Preparing Your Soil To Plant


Rocky Soil

A lot of soils in our area have 25%, 50% or even more rocks and gravel. This makes it hard to work your soil and it reduces the amount of water and nutrients the soil can hold.

You can either remove rocks by hand, which can be a lot of work, or make raised beds and bring in top soil.

Sandy Soil

Sandy soils dry out very fast and when it rains plant nutrients can easily leach away from the plant and may end up in our groundwater and rivers and streams.

Add lots of organic matter to your sandy soil each year (peat moss, compost, hardwood leaves, grass clippings, vegetable food waste, etc.). During hot dry weather you will likely have to provide light irrigation every day or two.

Clayey Soil

Soils with lots of clay can be very hard to work. Sprouting seeds sometimes cannot break through the surface.

Like with sandy soils, add lots of organic matter to your soil each year to make it more friable.

Poor Drainage

Some soils are wet a lot because of a high water table or because water tends to pond on them.

If it is not practical to provide drainage through ditches or drain pipes, raised beds are the best way to overcome this problem.

NEXT: Protecting Your Plants From Pests
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LOCAL GARDENING RESOURCE: Prince William County Master Gardeners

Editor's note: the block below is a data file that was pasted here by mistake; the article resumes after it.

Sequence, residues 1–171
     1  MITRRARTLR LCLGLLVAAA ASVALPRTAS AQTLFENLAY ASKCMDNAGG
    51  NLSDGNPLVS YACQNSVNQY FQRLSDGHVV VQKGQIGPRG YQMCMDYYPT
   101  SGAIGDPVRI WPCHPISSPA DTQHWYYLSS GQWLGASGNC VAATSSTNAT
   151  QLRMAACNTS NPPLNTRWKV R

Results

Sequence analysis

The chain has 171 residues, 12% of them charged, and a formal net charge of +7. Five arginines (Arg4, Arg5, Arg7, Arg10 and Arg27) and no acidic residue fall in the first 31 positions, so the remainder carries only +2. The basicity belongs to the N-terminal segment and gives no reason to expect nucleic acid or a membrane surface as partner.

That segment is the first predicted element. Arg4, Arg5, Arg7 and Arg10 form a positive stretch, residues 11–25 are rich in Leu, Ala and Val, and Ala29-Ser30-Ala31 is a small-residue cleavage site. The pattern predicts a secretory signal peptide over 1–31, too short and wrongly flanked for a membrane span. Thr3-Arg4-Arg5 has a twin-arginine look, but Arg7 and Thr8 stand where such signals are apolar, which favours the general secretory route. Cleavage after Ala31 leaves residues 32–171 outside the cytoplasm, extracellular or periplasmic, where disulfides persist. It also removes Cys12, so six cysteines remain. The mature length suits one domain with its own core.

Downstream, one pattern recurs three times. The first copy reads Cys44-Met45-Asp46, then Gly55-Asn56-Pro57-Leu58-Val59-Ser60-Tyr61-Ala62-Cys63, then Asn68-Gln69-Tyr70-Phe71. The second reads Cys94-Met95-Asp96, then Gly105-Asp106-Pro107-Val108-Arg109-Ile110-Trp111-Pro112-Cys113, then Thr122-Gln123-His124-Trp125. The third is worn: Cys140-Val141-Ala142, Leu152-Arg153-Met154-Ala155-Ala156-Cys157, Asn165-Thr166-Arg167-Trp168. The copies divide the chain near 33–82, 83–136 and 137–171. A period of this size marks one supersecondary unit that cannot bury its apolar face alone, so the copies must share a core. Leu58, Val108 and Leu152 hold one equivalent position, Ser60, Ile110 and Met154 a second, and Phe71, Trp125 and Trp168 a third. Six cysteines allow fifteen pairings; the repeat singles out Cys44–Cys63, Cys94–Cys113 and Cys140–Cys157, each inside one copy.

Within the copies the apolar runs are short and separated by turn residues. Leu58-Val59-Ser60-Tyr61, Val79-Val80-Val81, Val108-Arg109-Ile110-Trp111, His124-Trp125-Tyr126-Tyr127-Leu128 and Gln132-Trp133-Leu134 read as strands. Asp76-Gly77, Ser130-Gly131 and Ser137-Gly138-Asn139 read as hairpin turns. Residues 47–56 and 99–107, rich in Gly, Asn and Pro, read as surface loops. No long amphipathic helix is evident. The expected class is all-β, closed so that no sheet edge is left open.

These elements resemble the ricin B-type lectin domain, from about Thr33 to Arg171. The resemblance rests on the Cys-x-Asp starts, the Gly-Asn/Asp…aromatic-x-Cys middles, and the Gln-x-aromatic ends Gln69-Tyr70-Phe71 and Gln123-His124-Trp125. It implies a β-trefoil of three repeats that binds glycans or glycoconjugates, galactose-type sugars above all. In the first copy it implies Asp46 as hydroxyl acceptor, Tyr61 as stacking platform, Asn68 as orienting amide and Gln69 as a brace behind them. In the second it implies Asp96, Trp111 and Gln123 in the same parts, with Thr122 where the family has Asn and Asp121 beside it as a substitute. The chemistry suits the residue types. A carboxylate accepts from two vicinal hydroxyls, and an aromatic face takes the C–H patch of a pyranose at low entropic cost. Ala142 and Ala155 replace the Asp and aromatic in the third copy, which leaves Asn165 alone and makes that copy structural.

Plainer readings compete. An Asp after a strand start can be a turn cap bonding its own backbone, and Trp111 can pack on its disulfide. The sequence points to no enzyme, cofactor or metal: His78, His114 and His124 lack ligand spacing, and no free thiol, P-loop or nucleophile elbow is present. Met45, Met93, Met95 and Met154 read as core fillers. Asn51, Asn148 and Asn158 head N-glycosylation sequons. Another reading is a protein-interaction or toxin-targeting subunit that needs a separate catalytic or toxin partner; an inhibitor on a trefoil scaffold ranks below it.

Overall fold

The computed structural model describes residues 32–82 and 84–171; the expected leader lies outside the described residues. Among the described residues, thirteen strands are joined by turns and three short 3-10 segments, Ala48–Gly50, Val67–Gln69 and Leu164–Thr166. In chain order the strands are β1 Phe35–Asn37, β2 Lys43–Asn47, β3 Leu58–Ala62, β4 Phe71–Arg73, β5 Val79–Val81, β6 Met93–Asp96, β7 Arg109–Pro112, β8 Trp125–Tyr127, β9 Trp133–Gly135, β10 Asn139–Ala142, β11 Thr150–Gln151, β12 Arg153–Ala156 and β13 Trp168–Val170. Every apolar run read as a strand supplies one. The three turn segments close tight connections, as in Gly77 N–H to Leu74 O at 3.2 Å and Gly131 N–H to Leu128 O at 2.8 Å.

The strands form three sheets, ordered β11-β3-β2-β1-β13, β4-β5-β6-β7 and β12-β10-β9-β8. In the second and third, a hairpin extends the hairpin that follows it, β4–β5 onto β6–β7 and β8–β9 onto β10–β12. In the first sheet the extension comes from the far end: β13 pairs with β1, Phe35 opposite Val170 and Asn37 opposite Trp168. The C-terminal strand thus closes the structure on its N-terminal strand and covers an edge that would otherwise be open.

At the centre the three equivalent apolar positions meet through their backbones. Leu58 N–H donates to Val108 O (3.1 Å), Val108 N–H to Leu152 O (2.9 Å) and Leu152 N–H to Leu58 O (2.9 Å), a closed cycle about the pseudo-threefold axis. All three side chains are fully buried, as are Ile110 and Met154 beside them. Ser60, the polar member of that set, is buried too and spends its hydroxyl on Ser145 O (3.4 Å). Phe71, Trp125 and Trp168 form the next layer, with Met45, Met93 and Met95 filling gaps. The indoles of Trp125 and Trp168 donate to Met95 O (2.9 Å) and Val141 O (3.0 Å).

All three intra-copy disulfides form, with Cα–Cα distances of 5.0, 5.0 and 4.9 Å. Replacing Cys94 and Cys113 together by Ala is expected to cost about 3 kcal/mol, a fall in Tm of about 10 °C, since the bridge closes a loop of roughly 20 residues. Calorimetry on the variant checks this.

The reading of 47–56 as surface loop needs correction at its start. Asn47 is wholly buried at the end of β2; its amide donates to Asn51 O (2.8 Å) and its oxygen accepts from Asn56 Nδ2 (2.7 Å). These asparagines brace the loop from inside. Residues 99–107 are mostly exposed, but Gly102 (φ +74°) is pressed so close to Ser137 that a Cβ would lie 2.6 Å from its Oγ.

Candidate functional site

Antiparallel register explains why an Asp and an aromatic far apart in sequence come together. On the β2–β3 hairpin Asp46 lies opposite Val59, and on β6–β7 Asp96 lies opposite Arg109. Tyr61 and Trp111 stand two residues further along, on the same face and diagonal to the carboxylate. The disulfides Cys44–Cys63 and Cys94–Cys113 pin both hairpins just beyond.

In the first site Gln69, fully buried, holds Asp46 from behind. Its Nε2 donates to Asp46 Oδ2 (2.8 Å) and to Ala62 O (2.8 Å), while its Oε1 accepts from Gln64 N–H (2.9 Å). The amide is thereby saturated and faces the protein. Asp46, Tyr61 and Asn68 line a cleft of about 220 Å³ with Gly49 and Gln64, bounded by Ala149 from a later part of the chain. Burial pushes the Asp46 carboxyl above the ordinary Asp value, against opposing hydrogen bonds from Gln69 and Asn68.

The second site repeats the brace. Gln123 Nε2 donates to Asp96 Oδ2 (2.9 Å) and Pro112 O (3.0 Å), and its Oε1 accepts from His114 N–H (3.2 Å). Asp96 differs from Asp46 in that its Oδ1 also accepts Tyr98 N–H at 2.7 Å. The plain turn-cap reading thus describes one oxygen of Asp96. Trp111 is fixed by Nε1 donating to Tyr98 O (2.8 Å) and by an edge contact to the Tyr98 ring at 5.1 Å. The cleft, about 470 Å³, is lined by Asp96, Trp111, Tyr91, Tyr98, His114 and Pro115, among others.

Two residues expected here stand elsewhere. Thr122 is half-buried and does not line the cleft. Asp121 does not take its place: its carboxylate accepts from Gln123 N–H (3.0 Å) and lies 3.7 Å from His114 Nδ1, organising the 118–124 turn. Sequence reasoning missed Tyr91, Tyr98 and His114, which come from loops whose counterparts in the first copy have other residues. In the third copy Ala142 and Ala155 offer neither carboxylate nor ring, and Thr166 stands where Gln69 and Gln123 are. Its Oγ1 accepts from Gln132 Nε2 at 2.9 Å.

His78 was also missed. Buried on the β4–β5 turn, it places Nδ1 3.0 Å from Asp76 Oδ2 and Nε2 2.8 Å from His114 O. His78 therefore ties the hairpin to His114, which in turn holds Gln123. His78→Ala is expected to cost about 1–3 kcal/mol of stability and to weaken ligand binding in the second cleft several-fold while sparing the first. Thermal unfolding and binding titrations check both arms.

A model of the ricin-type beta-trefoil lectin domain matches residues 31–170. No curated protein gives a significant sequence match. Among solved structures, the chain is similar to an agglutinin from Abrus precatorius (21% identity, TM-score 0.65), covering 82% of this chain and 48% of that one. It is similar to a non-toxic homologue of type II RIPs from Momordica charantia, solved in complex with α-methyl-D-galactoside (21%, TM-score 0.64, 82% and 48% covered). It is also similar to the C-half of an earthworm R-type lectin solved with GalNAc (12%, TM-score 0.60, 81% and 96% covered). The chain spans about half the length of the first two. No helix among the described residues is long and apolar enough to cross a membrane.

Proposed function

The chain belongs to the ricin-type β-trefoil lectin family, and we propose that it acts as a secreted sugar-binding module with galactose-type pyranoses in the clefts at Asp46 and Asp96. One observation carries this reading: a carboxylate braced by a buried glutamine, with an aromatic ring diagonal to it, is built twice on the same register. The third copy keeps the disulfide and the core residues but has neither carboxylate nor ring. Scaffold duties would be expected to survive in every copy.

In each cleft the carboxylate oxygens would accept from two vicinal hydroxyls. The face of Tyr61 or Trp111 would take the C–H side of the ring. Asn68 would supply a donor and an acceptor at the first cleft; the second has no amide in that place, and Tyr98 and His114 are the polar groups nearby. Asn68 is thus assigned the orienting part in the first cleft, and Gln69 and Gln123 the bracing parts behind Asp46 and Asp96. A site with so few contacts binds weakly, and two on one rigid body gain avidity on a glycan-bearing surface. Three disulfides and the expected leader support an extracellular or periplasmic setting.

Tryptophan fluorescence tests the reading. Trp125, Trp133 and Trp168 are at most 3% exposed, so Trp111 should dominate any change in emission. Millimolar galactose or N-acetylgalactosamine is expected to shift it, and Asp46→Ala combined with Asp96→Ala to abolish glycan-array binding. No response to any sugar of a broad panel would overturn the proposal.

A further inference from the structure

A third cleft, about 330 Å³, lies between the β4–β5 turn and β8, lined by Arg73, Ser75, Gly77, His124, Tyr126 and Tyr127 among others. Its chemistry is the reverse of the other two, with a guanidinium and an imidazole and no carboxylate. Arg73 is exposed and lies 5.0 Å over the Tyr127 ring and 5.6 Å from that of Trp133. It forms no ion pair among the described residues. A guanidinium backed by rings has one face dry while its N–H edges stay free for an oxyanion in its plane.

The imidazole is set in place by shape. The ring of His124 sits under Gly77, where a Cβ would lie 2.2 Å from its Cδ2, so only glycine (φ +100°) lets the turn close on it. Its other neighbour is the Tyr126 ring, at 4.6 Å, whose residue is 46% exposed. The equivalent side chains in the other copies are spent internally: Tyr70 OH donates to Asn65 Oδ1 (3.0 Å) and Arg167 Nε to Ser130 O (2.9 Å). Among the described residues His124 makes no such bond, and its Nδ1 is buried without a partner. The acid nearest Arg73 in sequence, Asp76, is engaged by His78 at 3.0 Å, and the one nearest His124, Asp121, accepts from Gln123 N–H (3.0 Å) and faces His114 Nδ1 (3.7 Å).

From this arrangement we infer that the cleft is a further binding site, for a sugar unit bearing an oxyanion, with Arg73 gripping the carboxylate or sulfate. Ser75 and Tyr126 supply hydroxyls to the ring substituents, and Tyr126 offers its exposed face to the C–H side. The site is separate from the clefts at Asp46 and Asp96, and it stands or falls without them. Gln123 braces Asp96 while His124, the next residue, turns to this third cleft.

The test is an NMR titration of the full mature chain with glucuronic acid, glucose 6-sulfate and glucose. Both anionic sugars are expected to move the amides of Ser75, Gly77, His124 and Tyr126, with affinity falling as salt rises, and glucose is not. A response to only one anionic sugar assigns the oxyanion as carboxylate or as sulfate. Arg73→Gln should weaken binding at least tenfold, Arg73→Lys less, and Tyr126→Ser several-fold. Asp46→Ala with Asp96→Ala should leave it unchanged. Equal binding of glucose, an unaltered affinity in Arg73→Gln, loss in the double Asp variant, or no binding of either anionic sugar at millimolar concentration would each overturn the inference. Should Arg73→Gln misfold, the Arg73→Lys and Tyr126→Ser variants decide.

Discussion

In this video the Prince William County Master Gardeners demonstate the French intensive method for new garden preparation.

Also known as “Double Digging” it’s pretty labor intensive. But it’s the best way to loosen up compacted garden soil for a new organic garden while protecting earthworms and their tunnels and preserving the soil layers. And you only have to do it once.

—Video by the Prince William County Master Gardeners

Paul Benedict

Paul Benedict

Paul Benedict is a Manassas gardener and retired USDA-NRCS soil scientist. He has been vegetable gardening since he was a small child and some of his earliest memories are of being in the garden with his dad when he was 4 or 5 years old picking peas and pulling weeds. Now some 50 years later Paul still enjoys vegetable gardening. "I still don’t consider myself an expert, but more of an experienced trainee. I keep learning something new every year. I took my interest with gardening and soils and studied soils and crops in college. As a result I spent over 35 years as a soil scientist working for USDA in many places across the country. Everywhere I lived I found new challenges to gardening.”
Paul Benedict

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